Newspaper article St Louis Post-Dispatch (MO)

Not Stubborn Enough the Missouri Mule Is Reaching the End of the Line

Newspaper article St Louis Post-Dispatch (MO)

Not Stubborn Enough the Missouri Mule Is Reaching the End of the Line

Article excerpt

THE FOG that had settled over downtown like thin white smoke for much of the morning had nearly disappeared by the time Engine No. 300 - 280,000 pounds of steel, glass and diesel machinery - rumbled away from the little Amtrak station just south of Market Street pulling three silver-gray passenger cars.

Gradually, it picked up enough speed so that finally the city was slipping past the windows like a reel of film slipping past the lens of a movie projector. Images came and went in the blink of an eye: an eastbound MetroLink filled with morning workers . . . a blue and white sign painted on the side of a building: "Dixie Cream Donut Flour" . . . a salvage yard littered with the rust-spotted corpses of cars . . . the enormous black roof of The Arena, a lumberyard, a neon-lit tavern.

Kirkwood station was 20 minutes to the west now and Hermann was an hour ahead. And then it was on to Sedalia, Warrensburg and Lee's Summit.

It was just past 8 in the morning and the window-pictures were moving by more quickly. Three-foot-tall plastic Christmas candles on a front porch . . . a barking dog . . . a tire suspended by a rope from a backyard tree.

On a wall at the rear of the second coach from the front, someone had taped a neatly typed flier:

"By This Time Next Year, This Train May Not Be Running!" it said. "DON'T LET AMTRAK BECOME EXTINCT!"

At the very bottom, a message was scrawled in ink: "Ho, Ho, Ho. Merry Christmas."

The Missouri Mule, this oddly named train that began its life 14 years ago, may be on its last legs.

Amtrak, the nation's passenger train service, announced last month that it is considering ending all routes between St. Louis and Kansas City as part of nationwide cuts to save money and help yank the rail carrier out of red ink. If it happens, it would mean the effective end of passenger train service across the heart of Missouri for the first time in 140 years.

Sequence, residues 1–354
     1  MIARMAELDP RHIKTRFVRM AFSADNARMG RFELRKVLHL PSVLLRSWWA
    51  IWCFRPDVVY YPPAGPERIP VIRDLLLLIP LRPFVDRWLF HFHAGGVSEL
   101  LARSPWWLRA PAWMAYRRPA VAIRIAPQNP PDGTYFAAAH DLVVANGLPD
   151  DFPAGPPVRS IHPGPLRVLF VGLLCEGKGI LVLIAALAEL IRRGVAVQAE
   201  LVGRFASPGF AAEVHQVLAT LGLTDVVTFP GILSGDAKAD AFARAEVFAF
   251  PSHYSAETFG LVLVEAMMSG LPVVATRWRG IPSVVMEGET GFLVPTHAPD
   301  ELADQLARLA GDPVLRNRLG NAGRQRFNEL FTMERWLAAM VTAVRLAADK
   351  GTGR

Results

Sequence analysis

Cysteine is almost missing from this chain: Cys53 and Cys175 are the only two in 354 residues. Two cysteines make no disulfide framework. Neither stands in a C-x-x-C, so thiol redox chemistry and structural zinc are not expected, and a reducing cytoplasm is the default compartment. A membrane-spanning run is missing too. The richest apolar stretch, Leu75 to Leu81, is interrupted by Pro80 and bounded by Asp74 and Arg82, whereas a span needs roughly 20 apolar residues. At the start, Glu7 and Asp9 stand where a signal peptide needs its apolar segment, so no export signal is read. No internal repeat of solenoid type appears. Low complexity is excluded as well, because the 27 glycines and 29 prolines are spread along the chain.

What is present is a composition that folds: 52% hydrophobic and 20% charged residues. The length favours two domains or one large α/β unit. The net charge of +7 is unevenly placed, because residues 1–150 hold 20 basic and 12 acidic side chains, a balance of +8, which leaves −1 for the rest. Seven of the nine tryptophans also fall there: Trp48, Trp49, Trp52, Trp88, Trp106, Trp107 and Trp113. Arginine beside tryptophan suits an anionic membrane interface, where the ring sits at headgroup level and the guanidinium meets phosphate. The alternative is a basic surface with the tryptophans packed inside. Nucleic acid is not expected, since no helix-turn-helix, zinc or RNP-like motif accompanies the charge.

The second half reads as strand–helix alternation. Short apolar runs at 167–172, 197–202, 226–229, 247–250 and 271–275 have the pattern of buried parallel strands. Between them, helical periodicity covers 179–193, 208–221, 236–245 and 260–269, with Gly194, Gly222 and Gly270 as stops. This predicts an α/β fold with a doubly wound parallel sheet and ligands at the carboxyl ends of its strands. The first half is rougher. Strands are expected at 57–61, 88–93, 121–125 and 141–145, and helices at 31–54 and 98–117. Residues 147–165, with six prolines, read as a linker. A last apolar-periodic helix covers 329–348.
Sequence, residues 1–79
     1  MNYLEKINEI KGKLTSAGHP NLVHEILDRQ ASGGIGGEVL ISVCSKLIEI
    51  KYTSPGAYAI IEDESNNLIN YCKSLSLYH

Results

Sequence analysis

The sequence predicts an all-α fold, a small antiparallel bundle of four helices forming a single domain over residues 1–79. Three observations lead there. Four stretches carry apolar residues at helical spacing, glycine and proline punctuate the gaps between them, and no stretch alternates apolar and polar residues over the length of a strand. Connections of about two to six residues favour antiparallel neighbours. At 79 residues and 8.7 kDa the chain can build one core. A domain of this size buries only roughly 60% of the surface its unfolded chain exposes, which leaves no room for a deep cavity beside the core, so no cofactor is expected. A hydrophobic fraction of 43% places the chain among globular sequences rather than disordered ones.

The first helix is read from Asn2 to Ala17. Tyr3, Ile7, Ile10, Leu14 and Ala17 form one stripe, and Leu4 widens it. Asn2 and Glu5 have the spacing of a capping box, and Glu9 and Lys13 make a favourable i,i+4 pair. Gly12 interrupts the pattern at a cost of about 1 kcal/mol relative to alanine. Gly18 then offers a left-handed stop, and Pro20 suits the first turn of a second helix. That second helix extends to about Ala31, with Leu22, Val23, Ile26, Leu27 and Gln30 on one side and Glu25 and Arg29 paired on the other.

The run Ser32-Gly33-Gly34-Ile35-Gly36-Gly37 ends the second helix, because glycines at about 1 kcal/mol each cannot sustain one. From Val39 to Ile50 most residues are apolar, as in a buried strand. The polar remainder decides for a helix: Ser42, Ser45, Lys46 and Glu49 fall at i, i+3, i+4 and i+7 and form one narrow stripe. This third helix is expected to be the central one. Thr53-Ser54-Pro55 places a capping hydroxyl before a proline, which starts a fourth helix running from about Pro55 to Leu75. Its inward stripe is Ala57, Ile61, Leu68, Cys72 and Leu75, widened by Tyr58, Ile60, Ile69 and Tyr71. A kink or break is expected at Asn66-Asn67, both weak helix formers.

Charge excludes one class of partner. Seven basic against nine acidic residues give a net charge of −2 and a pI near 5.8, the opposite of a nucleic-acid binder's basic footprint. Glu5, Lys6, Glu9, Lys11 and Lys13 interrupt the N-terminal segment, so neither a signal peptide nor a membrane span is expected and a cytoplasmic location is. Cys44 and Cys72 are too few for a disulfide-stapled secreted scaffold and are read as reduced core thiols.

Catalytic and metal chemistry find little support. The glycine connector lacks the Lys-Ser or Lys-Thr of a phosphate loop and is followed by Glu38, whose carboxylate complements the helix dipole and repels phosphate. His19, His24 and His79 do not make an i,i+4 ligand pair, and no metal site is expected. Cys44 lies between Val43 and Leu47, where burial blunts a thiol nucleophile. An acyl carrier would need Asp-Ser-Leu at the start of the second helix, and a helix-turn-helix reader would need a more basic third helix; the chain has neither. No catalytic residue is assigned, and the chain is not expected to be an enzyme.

The news has hit crew members and train passengers hard.

On this Thursday morning, Matthew E. Slovinski, 60, of Russellville, Mo., was on his way home after taking his 78-year-old mother to New Orleans. She had taken the train from New Orleans to Jefferson City to visit him, and when she became ill, he had taken her back by train.

"I can't get her on an airplane," Slovinski said. "There are a lot of older people who are the same way."

Slovinski himself worked for the Terminal Railroad Association of St. Louis for 35 years. He loves railroads; he loves their history. He loves the people.

"A long time ago, railroading was family," he said as the Mule pulled out of Kirkwood. "Not anymore; now it's just business.

"They call St. Louis the Gateway to the West. If they take this line off, what kind of Gateway to the West will it be then?"

It will be like severing an artery, he said.

Near the rear of the car, 67-year-old Norma Bolton of Kansas City was finishing a late breakfast and had just picked up a crossword puzzle book.

She takes the train to St. Louis to stay with her 5-month-old grandson while her son and daughter-in-law work. She takes the train back home again, she says, when one of the baby's parents has three or four days off to stay with him.

She could fly, she said, but the trip would be more costly and much less convenient. Besides, she says, train travel is in her blood.

Her father, she said, was a railroad man; she can still remember riding the rails with him.

"He didn't like to sit down," she said, "he liked to stand and rock with the train. I can see him now, rocking with the train. "

Bolton said her mother was just as bad. "She used to say people traveling on trains had time to talk and visit with each other. She called airplanes a cold way to travel."

She says she often spends long periods of time just sitting looking out the train window. …

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